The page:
In this article, Mitchell will describe how to add several controls to your dialog windows, including the edit box, group box, check box, list box and radio button. He will also describe what DDX and DDV functions are, and show you how to use them to automatically get and set the values of the controls on a dialog.
This would add a check box to our dialog box. Its caption would be set to ďAble to vote?Ē. MFC provides two types of check boxes: The CHECKBOX, and the AUTOCHECKBOX control. In our example above, I have used the AUTOCHECKBOX control, simply because if we chose the CHECKBOX control, we would have to handle the checking and un-checking of the box manually, which is just a pain.
The syntax of the CHECKBOX control is shown below:
The caption of the check box is the text that will be displayed next to the check box. The control id is a numerical id, which is #defined within another header file. In our example, we have used IDCB_CANVOTE. I have prefixed the check box controls id with IDCB, which is representational for ďCheck Box IdentificationĒ. You can, however name your controls idís whatever you like.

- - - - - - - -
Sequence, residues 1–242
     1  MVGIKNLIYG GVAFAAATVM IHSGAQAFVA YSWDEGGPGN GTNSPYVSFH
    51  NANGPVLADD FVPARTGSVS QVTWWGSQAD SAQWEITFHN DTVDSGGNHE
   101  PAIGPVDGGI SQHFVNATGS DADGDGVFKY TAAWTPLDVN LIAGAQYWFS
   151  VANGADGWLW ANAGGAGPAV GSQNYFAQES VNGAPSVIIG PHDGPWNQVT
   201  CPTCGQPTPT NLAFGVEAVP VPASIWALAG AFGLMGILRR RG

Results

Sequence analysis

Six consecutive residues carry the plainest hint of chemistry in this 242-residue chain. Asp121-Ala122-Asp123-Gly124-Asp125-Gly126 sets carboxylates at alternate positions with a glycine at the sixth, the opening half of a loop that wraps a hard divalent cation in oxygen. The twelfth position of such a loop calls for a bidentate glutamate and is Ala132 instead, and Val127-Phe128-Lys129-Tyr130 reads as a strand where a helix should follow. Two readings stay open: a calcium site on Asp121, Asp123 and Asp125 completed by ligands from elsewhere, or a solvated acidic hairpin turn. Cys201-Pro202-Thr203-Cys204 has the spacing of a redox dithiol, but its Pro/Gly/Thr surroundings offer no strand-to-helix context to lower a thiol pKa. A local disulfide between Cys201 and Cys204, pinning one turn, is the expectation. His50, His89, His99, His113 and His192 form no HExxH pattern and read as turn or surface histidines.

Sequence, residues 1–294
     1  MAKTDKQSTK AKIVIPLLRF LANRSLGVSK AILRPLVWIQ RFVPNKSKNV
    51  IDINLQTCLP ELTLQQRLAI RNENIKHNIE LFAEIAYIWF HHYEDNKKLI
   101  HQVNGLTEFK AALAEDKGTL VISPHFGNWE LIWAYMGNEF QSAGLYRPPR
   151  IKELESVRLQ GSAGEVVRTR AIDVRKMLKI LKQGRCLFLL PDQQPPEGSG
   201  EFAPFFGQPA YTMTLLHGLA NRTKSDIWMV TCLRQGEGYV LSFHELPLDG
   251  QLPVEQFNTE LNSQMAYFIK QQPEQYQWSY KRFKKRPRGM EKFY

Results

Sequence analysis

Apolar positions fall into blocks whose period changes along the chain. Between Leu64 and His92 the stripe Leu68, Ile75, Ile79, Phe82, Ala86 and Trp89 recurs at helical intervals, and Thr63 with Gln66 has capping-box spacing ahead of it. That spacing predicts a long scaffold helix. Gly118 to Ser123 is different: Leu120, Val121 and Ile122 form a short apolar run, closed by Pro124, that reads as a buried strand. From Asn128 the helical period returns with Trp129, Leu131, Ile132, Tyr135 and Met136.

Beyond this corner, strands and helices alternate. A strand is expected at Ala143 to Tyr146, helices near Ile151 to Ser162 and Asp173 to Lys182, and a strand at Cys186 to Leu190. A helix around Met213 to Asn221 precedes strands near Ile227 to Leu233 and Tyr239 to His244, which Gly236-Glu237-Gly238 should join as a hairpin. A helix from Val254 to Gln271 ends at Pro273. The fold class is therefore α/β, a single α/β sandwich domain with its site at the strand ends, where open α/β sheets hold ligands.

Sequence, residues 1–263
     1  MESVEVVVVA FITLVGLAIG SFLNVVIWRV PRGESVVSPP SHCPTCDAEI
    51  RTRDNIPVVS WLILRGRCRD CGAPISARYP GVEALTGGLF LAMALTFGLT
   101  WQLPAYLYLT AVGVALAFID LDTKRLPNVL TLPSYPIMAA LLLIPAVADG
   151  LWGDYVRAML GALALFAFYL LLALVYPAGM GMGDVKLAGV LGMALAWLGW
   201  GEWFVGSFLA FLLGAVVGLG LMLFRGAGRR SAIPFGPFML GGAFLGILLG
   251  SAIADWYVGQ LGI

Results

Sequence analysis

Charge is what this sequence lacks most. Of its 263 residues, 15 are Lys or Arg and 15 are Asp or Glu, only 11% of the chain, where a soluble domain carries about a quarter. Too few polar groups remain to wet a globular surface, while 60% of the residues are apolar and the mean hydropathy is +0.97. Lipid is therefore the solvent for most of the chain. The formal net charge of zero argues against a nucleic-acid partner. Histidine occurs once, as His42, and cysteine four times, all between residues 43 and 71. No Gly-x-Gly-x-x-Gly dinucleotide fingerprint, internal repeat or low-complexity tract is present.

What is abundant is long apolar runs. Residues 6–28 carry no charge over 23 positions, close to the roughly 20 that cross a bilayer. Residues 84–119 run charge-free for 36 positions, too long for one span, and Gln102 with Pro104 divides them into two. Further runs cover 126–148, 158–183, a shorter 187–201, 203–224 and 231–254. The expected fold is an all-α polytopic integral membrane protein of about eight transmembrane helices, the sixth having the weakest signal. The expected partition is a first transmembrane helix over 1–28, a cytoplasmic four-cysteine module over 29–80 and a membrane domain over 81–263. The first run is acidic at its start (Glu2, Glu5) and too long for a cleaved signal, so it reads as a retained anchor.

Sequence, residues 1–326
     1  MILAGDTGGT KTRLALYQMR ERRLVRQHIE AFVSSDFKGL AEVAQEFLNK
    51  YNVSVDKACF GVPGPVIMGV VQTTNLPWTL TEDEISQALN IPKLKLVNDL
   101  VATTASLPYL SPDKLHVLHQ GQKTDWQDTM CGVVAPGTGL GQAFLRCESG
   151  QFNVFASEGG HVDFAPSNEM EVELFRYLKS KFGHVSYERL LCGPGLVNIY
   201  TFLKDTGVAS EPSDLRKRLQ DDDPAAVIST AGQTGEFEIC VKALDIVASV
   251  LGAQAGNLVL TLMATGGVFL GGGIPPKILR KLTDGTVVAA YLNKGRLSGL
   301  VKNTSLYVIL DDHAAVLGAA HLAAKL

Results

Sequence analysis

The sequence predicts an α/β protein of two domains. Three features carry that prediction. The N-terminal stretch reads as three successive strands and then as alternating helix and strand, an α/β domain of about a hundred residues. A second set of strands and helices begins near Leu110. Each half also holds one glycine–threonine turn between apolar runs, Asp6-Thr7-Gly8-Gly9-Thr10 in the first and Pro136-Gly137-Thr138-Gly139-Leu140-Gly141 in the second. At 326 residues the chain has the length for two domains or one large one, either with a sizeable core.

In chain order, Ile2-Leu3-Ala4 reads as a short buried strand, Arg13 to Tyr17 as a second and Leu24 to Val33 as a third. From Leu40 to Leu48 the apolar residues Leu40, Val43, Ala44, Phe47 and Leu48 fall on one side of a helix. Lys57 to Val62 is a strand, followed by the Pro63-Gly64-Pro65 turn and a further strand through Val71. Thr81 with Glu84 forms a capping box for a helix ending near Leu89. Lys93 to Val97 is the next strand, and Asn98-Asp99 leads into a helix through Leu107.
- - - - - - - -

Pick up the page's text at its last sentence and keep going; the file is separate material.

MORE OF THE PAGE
Itís really simple to get and set the value of a check box control. As you can probably guess, a check box is either on or off, 1 or 0. We retrieve the value of our check box control like this:
As with the EDITTEXT control, we retrieve a reference to the control via its id. The check box control is a member of the CButton class, so we cast it as such. The GetCheck method of the CButton class returns the current value of our check box: 0 for not checked, or 1 for checked.
To set the value of our check box control, we can use the SetCheck method, like this: